- Device for reflecting light or other radiation. Curved mirrors can be made to form images, a principle exploited by Newton to create the first reflecting telescope and which is now applied in the construction of all large telescopes. Since his time, the ability to grind large mirrors accurately to within a small fraction of the wavelength of light has increased, and with it the ability to make large mirrors of use in astronomy. There is controversy over whether to make larger single mirrors for major telescopes or to concentrate on multiple-mirror types where the light from a number of smaller mirrors is added together.
Cars & Driving
- noun car mirrors can be either interior or exterior.
- verb to create an identical copy of something
- verb to duplicate all disk operations onto a second disk drive that can be used if the first breaks down
- A surface that reflects light. Such a surface is usually smooth, highly polished, and it may consist, for instance, of a thin layer of silver or aluminum on glass. Mirrors have many applications, including their use in lasers, beam splitters, microscopes, TV cameras, and digital mi-cromirror devices. Also called reflector (2).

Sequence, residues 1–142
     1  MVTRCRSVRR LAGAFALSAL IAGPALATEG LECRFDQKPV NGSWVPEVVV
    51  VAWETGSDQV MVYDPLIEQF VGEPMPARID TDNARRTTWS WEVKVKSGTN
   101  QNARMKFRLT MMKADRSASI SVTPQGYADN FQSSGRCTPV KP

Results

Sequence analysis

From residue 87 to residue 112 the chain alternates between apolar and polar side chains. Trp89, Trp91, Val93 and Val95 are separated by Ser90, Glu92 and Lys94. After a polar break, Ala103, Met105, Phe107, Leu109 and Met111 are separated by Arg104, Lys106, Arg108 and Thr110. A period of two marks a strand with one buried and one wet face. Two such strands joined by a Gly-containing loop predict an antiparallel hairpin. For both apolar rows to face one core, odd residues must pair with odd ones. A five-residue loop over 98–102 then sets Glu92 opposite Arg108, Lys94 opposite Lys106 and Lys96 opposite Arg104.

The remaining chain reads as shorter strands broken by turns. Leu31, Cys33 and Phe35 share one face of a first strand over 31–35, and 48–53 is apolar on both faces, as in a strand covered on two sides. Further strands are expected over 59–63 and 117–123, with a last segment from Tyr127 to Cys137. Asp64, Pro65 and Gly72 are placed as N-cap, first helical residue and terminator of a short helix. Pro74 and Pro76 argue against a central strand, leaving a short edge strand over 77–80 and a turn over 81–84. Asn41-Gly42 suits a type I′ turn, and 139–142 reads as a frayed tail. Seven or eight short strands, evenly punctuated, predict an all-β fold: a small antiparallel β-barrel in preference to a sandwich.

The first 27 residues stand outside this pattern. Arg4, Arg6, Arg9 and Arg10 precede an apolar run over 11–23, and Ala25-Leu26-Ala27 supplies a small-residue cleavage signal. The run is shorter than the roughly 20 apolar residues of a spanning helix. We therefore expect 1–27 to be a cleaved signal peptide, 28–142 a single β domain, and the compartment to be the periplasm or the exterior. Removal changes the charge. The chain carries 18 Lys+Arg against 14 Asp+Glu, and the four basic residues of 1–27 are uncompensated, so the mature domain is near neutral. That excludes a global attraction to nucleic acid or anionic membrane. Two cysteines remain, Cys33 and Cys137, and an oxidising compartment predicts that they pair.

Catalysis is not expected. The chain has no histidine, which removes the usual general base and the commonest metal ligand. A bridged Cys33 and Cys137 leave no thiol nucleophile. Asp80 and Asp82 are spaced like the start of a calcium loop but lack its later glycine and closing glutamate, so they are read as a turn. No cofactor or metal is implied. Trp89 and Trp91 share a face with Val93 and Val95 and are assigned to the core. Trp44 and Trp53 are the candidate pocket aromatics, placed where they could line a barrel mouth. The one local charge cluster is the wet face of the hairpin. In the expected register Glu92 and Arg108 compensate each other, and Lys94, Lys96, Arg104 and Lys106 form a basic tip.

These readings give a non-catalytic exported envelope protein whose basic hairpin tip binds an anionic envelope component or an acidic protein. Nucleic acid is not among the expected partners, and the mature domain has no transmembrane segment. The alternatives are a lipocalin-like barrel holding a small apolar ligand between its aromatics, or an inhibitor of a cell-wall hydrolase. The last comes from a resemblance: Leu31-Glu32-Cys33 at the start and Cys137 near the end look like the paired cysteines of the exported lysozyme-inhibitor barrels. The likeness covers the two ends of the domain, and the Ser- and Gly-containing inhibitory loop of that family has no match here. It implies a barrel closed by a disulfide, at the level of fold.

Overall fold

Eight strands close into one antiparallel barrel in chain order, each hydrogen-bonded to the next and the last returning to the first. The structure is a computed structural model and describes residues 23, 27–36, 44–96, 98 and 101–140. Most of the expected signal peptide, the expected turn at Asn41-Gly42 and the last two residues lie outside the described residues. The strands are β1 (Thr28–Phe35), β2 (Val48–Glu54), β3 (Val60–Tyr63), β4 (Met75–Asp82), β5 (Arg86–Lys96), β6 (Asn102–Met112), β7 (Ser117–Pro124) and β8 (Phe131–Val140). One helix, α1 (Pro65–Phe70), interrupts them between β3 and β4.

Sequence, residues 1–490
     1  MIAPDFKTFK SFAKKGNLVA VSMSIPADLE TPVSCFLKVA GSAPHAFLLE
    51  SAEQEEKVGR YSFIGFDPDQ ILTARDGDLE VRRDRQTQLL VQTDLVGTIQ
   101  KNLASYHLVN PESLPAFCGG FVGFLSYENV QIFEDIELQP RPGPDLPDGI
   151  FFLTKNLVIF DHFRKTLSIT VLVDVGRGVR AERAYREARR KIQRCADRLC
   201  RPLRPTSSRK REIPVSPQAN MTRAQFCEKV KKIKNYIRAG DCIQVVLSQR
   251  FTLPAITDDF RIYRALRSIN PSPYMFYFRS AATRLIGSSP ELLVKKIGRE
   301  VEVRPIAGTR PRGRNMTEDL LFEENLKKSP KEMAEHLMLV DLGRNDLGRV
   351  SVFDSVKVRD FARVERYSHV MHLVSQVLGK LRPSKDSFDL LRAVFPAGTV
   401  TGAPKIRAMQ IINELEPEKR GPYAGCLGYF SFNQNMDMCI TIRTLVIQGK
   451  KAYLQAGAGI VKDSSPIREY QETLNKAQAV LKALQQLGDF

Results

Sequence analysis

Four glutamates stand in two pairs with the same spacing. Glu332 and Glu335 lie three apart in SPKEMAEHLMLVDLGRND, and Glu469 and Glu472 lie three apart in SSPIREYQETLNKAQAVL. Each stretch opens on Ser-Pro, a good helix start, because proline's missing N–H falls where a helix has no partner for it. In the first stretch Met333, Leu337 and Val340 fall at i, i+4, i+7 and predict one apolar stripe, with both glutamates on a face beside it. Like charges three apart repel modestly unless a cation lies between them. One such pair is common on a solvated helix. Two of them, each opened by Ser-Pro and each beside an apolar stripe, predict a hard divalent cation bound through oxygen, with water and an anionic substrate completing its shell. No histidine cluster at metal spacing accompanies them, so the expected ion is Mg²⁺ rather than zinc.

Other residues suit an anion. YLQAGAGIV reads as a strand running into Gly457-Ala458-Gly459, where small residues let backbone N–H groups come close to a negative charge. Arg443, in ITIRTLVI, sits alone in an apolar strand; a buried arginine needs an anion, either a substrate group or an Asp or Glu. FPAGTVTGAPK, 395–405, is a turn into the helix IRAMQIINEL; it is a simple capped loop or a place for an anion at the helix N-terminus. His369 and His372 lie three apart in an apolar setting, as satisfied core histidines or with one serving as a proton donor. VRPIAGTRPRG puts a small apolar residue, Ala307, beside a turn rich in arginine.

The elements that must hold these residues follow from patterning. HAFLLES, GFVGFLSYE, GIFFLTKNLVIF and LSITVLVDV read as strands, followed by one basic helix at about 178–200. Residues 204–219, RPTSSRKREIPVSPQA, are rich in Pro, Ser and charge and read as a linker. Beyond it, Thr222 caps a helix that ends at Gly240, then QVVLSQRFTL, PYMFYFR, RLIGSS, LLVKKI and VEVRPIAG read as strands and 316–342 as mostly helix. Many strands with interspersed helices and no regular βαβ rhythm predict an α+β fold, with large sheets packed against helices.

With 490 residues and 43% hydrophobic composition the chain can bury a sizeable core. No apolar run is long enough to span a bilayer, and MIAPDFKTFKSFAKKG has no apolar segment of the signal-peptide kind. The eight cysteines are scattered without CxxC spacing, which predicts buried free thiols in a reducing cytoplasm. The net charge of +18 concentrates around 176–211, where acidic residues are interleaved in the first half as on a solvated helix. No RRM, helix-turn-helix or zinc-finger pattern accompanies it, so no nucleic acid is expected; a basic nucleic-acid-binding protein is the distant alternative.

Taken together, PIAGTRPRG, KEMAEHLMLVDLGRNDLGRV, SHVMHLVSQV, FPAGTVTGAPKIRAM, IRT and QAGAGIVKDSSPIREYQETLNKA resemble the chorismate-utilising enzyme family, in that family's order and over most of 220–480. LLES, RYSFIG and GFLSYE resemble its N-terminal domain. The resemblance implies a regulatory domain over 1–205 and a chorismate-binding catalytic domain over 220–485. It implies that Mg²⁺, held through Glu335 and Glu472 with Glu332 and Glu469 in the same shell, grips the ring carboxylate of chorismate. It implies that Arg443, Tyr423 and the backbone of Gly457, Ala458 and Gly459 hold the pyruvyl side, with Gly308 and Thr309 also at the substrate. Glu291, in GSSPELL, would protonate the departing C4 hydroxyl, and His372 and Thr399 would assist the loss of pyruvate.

- To duplicate, replicate, or reflect, as accomplished, for instance, by a current mirror or an electromagnetic mirror.
Origin & History of “mirror”
Mirror belongs to a small family of English words which illustrate how a Latin term originally signifying ‘wonder at’ weakened (presumably via ‘stare in wonder at’) to ‘look at’. Etymologically, a mirror is something you ‘look at’ yourself in. The word comes via Old French mirour from vulgar Latin *mīrātōrium, a derivative of *mirāre ‘look at’. this was closely related to classical Latin mīrārī ‘wonder at’ (a derivative of mīrus ‘wonderful’), which passed into Old French as mirer ‘look at’, source of English mirage (19th c.). Based on mīrārī were Latin mīrābilis ‘wonderful’ (source of English marvel (13th c.)) and mīrāculum ‘something to be wondered at’ (source of English miracle (12th c.)).